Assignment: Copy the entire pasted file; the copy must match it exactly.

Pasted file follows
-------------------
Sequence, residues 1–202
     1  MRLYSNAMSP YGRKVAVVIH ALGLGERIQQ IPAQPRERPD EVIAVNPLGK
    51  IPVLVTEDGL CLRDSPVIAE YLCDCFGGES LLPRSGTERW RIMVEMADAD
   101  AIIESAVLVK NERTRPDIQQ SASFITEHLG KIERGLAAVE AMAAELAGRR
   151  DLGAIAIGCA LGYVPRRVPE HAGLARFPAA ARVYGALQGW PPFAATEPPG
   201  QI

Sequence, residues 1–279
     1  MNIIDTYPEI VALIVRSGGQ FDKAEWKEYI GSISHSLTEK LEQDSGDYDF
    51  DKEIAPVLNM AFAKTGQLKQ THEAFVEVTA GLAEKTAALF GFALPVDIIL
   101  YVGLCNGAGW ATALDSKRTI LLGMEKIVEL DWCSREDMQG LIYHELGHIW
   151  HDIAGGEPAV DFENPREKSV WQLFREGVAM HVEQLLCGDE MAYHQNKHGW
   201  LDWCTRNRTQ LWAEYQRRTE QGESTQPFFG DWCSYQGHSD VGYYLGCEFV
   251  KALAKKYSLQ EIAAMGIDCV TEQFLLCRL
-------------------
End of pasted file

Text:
Sequence, residues 1–202
     1  MRLYSNAMSP YGRKVAVVIH ALGLGERIQQ IPAQPRERPD EVIAVNPLGK
    51  IPVLVTEDGL CLRDSPVIAE YLCDCFGGES LLPRSGTERW RIMVEMADAD
   101  AIIESAVLVK NERTRPDIQQ SASFITEHLG KIERGLAAVE AMAAELAGRR
   151  DLGAIAIGCA LGYVPRRVPE HAGLARFPAA ARVYGALQGW PPFAATEPPG
   201  QI

Sequence, residues 1–279
     1  MNIIDTYPEI VALIVRSGGQ FDKAEWKEYI GSISHSLTEK LEQDSGDYDF
    51  DKEIAPVLNM AFAKTGQLKQ THEAFVEVTA GLAEKTAALF GFALPVDIIL
   101  YVGLCNGAGW ATALDSKRTI LLGMEKIVEL DWCSREDMQG LIYHELGHIW
   151  HDIAGGEPAV DFENPREKSV WQLFREGVAM HVEQLLCGDE MAYHQNKHGW
   201  LDWCTRNRTQ LWAEYQRRTE QGESTQPFFG DWCSYQGHSD VGYYLGCEFV
   251  KALAKKYSLQ EIAAMGIDCV TEQFLLCRL